By Rich Franklin
Extracts and spices are often useful with foods. Sweet
potatoes are a favorite of mine. I like them plain, but occasionally have a
sugar craving. Try putting cinnamon and vanilla extract on it. It will help
fool your body into thinking it is eating sugar.
I love granola in the morning, but it is processed and I
avoid processed foods as much as possible. Instead of buying granola, I use
plain oatmeal and use sliced bananas and honey. I avoid processing and control
the sugar content.
During a tough training session sports drinks are very
convenient and useful, but I hate the processed sugar and enriched electrolytes
in them. Instead, try coconut water. It is full of natural sugar and
At a restaurant, ask the waiter to put mint leaves into your
water. It will give it a hint of flavor and possibly make it a bit more
palatable for those who like to drink flavored beverages.
Ever try freezing your fruit? Try freezing grapes or any
fruit of your liking for a snack. It takes longer to chew them and gives you
the feeling of eating candy.
This article concerns sugar and sugar products added to food, not naturally occurring sugars such as those found in fruit.
The annual sugar consumption per person has risen from 124 pounds in 1970 to 170 pounds in 2008 (USDA statistic). Often, these numbers are a bit inflated because they are based on production and sales, and the USDA has no way of measuring actual consumption. Some product is wasted or disposed of due to shipping or a number of other variables. Let us err on the conservative side and assume each person consumes 150 pounds of sugar per year.
We do some simple math…carry the 1 and that is about 750 calories from sugar per day. Most nutrition labels will read, “based on a 2000 calorie diet” at the top of the label. If 750 of your daily calories come from sugar, that represents over 1/3 (33%) of your total calories (actually it is 37.5%). 33% represents way more than the little tip of the pyramid we are all too familiar with from grade school.
If you are consuming 750 calories from sugar, chances are you are eating more than the 2000 recommended. These excess calories equal fat, and the damage excess sugar does to the balance of the human body is another article. The American Heart Association (AHA) recommends no more than 36 grams of sugar for men and 20 grams for women per day. One can of most sodas contain more than 40 grams of sugar. Pay attention to your nutrition labels and look for sugar additives if the grams are not given.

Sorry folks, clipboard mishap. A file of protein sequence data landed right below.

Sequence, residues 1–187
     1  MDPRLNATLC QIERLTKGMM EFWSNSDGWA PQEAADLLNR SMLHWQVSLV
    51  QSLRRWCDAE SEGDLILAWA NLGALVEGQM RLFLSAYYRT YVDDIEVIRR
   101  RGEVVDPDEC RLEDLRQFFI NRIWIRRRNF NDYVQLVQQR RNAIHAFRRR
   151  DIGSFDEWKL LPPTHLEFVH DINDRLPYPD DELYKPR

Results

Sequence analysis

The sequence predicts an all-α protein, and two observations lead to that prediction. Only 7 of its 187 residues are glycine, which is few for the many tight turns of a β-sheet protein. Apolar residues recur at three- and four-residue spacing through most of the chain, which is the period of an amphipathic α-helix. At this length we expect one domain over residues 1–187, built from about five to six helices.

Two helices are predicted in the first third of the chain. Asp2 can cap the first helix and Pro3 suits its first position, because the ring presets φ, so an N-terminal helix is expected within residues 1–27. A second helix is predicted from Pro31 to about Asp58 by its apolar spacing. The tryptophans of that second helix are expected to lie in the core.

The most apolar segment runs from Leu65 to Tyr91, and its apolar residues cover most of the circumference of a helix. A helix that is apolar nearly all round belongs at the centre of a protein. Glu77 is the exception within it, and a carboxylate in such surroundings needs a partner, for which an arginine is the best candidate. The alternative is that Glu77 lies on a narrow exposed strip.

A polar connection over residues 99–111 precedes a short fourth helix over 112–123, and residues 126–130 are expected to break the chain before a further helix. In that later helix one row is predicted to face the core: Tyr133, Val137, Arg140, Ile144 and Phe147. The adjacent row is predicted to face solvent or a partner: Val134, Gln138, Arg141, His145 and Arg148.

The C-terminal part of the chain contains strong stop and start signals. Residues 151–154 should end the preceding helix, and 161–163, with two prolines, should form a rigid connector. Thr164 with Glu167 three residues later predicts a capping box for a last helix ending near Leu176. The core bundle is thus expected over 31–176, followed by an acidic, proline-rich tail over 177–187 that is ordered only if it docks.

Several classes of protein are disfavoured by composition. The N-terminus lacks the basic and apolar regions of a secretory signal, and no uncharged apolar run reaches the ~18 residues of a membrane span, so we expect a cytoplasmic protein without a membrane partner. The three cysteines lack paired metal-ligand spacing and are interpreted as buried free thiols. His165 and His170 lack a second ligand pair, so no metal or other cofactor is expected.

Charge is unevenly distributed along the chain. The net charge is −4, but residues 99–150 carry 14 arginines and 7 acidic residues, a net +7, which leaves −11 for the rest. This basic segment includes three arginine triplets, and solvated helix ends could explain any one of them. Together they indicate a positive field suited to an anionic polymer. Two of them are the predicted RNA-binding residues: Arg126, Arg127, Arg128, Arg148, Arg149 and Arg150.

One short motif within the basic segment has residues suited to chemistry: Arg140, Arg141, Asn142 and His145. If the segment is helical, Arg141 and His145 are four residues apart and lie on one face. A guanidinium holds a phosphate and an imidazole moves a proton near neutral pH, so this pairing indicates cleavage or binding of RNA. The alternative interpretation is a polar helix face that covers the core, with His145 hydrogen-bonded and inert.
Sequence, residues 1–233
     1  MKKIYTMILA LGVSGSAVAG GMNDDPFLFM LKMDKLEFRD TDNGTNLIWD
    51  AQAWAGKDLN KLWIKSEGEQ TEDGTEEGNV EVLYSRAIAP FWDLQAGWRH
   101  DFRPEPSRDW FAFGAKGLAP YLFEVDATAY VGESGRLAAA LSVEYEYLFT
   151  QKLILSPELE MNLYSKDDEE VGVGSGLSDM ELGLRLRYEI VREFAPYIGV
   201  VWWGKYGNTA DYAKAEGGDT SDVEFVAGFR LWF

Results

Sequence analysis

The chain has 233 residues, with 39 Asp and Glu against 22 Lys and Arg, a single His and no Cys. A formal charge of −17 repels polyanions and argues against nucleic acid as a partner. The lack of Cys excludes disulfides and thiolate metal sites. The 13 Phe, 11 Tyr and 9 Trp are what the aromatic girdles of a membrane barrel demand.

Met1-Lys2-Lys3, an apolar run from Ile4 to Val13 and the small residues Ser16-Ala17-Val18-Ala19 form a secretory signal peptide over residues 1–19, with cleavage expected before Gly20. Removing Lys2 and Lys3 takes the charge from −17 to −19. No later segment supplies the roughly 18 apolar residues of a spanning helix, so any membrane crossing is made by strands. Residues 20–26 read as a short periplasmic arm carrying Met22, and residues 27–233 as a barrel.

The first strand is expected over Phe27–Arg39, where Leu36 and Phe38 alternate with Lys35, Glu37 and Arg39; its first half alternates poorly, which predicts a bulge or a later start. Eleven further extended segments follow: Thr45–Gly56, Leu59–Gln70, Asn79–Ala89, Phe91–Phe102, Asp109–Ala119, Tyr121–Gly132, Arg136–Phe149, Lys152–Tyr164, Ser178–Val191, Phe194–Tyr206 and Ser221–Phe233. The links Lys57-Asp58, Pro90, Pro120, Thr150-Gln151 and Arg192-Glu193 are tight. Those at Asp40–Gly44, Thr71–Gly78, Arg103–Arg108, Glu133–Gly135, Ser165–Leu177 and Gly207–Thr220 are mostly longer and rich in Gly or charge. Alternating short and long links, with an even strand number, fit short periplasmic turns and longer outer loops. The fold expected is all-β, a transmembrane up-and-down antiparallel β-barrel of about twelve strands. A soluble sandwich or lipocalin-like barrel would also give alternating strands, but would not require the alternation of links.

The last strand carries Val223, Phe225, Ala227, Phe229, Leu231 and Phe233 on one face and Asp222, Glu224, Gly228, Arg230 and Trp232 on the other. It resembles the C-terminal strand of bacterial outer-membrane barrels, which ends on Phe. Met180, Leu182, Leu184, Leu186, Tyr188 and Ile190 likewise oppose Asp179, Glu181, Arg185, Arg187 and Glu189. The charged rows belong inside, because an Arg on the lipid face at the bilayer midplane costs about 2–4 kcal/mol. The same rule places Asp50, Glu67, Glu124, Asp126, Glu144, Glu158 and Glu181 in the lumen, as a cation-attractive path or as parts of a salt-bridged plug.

Artificial Sweetener: Sucralose
by Rich Franklin
It is nearly impossible to avoid artificial sweeteners in our
modern world. They are in virtually every “Low Carb” or “Diet” food and drink on
the market, but you may be surprised by some of the other products in which you
find them. Of the many artificial sweeteners, sucralose is one of the most
popular, and can be found in an array of processed foods like baking mixes,
salad dressings, jelly, chewing gum, or even common household items such as
mouthwash or toothpaste.
There are many versions of artificial sweeteners, but let’s
focus on sucralose. It was discovered by
accident in a lab while trying to develop an insecticide. The chemical name of
sucralose is way above my pay grade, but simply put it is a manipulated sugar
molecule bonded with a few chlorine atoms. However, the sugar portion of
sucralose is manipulated in such a way that it is no longer naturally occurring,
and your body lacks the enzymes to digest it properly. Combine that with
chlorine and you have an organochlorine.
Organochlorines can be found in pesticides, Freon, plastics
and many household cleaners. We are environmentally exposed to more than we
realize, and they can be extremely damaging simply by contact, let alone
ingesting them. FDA reports show small
percentages of sucralose will actually metabolize. Common sense tells me
metabolizing a chemical similar in structure to a pesticide (DDT for example) is
not good for the body…no matter how small the percentage. Organochlorines have
been associated with such things as blocking sex hormones, several types of
cancer, infertility, and this list could go on. They are fat-soluble and
accumulate in tissues high in fat such as the brain, and are believed to store
there permanently…compounding with exposure over time. If you would like more information on this
subject, check out “Sweet Deception” by Dr. Joseph Mercola.
The bottom line is that many people believe they are eating
healthy when they choose a food with the label “low carb,” “low fat,” or “diet.”
There are many ways to label a food “healthy”. Know that a packet of Splenda
contains 4 calories (from the manipulated sugar portion), but can be listed as
zero since if is less than 5 calories. Between the chemistry of this product and
the nutritional value, in my opinion it is better to allow yourself a little
real sugar than the alternative. We all know sugar should be limited in our
nutrition, so products like sucralose do not give us an excuse to forgo the
discipline to control cravings. My advice is to make informed decisions, and try
to eliminate sucralose as much as possible if not eliminating it completely.